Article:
Jay Leno on the road again
Everything about a phone interview with Jay Leno is easy. He calls 15 minutes earlier than the scheduled time. He happily answers every question, even the tough ones about NBC and Conan O’Brien. And he rolls out charming anecdotes as if pushing buttons on a standup comedy machine, like the one he has told many times about the 94- year- old woman who sold him a 1953 Hudson Hornet for $ 5,000, prompting him to refurbish it, then invite her and her sons— 72 and 74 years old— for a ride. (“The two kids start poking each other in the back, and she starts saying, ‘ You stop it!’ ” Leno recalls.)
But the easiest question, by far, is whether Leno will ever return to late- night television, which he gave up for good in 2014 once his NBC contract expired. “No,” he said flatly. “I did it 22 years, and at some point, you say to yourself, ‘ I shouldn’t have to know all of Jay Z’s music.’ A 66- year- old guy critiquing a hip- hop song — it’s a little silly. When you’re 40, critiquing a supermodel, it’s sexy; when you’re 66, you’re the creepy old guy.”
Leno, the stand- up comic with the big chin, friendly manner and endearingly squeaky voice, took over “The Tonight Show” from retiring Johnny Carson in 1992. His retirement has been far less eventful than his final years at NBC, in which he bestowed the show upon O’Brien, then accepted the network’s invitation to reverse course and return to the iconic desk and chair. O’Brien was furious, wouldn’t stop complaining about the slight for years and eventually accepted another show on TBS. Today, although he has an online show called “Jay Leno’s Garage,” Leno’s retirement gig is stand- up comedy.
It’s a job he has done since he was a student at Boston’s Emerson College in the early ’ 70s. And even Leno’s harshest detractors, thosewho saw him as happy- face late- night comedy, the guy who made the silly Dancing Ito jokes during theO. J. Simpson trial, acknowledge his greatness at the medium. He’s fast and sharp, and one of his effective ongoing shticks is to talk with members of the audience and make up jokes on the spot.
“You listen to what people say. The trick is you don’t go for the obvious. If it’s a big fat guy, you make fun of his tie,” he said. “Then eventually he will get the message, or the audience gets the message, that you’re not being cruel.… Audiences think as a group. When you attack one member of the audience, you attack the whole audience.”
During a half- hour phone interviewfromhis LosAngeles home, Leno is not shy about defending himself. He goes into a long rant about the O’Brien incident.
“I don’t want to run Conan down. Conan’s fine,” Leno said. “Everybody makes this whole deal: ‘ Somehow you took this show back.’ I didn’t take it back. The network came to me: ‘ Want to do a half- hour?’ Conan said, ‘ I’m not OK with that’ and quit. I’m not sure why I was supposed to go, ‘ No.’ ”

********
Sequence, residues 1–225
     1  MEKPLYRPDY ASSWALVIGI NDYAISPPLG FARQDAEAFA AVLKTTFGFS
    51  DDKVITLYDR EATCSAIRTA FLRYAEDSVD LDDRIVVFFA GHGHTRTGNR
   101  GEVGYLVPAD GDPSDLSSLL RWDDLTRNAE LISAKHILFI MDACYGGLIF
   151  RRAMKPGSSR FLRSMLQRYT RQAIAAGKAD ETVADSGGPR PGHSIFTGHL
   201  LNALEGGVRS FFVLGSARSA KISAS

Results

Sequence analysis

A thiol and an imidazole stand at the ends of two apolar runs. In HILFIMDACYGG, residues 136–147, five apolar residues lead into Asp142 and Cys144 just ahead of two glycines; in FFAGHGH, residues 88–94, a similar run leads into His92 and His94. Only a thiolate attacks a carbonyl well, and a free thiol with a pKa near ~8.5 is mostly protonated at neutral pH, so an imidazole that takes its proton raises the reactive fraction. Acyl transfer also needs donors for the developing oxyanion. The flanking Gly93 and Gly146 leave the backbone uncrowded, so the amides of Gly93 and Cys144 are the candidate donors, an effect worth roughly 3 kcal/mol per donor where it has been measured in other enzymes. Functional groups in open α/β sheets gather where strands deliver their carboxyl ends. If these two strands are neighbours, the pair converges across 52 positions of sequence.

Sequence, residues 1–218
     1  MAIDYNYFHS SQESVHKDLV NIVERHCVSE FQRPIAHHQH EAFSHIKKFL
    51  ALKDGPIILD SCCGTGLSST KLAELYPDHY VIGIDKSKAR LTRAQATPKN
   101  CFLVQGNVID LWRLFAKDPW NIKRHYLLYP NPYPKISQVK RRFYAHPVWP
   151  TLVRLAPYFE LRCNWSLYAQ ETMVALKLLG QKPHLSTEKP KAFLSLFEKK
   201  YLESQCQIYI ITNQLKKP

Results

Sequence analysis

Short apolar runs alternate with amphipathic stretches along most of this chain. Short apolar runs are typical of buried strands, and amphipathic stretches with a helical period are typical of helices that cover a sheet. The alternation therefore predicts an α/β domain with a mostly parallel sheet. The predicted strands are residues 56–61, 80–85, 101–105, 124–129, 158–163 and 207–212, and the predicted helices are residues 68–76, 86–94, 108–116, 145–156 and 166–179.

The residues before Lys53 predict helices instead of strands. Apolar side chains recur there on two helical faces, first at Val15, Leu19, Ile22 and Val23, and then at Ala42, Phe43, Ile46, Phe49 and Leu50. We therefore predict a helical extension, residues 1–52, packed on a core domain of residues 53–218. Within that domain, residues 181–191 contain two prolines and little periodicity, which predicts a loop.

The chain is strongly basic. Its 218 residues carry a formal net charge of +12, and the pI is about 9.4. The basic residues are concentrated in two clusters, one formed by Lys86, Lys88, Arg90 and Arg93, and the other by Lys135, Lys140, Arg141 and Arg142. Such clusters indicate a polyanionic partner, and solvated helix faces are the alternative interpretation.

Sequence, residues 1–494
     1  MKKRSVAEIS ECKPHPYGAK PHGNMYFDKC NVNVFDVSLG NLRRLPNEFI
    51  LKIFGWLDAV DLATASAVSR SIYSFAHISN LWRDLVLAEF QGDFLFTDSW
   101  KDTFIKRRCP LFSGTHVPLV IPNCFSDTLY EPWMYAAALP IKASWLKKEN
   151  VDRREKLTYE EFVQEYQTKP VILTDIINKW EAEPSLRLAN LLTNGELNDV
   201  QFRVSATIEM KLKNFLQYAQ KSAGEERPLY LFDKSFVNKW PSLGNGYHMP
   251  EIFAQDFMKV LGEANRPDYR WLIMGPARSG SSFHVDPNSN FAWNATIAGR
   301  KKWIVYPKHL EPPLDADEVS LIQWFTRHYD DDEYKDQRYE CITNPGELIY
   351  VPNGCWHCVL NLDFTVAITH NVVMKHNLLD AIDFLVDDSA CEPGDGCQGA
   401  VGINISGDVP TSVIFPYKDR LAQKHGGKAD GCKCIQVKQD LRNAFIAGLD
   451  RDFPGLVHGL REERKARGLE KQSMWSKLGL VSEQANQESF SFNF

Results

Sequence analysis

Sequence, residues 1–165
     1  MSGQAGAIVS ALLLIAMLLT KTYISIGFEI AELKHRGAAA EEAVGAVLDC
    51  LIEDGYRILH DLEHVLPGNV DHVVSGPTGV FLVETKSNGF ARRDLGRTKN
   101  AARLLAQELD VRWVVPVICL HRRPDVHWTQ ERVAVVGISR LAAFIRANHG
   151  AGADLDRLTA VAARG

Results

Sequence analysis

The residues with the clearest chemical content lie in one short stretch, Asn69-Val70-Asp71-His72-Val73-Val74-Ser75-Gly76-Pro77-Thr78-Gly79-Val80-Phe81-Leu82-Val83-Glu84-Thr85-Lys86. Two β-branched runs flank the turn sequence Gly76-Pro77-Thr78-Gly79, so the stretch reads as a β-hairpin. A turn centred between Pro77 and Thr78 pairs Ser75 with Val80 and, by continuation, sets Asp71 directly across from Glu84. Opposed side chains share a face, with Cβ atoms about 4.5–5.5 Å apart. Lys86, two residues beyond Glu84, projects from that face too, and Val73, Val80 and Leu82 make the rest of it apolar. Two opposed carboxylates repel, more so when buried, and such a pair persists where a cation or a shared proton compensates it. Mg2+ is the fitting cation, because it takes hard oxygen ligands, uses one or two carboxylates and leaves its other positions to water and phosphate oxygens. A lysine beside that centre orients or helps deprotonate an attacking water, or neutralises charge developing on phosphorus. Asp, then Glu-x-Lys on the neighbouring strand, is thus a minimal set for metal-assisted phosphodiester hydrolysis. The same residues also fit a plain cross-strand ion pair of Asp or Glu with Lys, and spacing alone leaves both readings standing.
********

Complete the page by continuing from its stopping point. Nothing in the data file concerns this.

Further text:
During the interview, Leno happily slips into stand- up several times, particularly when talking about his parents. His father, Angelo, sold insurance, and his mother, Cathryn, was a homemaker. Jay promised Angelo he’d buy him a Cadillac if he ever “made it,” then in fact bought him a Cadillac and a Lincoln. His father loved the car, but Cathryn was so embarrassed that she shrunk below the dashboard so nobody could see her.
“We’re not Cadillac people!” she told her family.
“We’re driving a Cadillac,” Angelo responded. “That makes us Cadillac people.”
Today, Leno seems relieved his “Tonight Show” experience is over. He doesn’t miss the network’s elaborate “notes” on even the most trivial details. Leno received one that read: “Hey, it’s summer, let’s do the showin bathing suits!” ( He managed to escape that one.) “When you do ‘ The Tonight Show,’ you do new jokes in the same place every night. When you’re on the road, you do the same jokes in a different place every night,” he said. “On the road, you can do a joke on Monday, change it a bit on Tuesday, change it a bit onWednesday, then you have a show on Saturday or Sunday, you have a bit of a story.”
Unprompted, he compares himself with his old friend and colleague, David Letterman, who lost out to Leno for NBC’s “The Tonight Show.” Letterman left NBC for CBS, and the subsequent latenight rivalry lasted more than 20 years. Leno suggests that a sort of introvert- extrovert dynamic may have been at play.
“Dave was always a broadcaster first and a comedian second. That’s not a putdown. Dave hated the road,” Leno said. “I loved the road. I love doing the stand- up. If I walk into a room, and there’s a group of magazines and a group of people, I go to the group of people and just start talking.
“I’ll do ‘ The Tonight Show’ until that gravy train crashes,” he continues. “Luckily, it lasted 22 years. And then you go back on the road again.”
Jay Leno is loving being back on the road doing his stand- up comedy routine after 22 years as host of the “The Tonight Show.”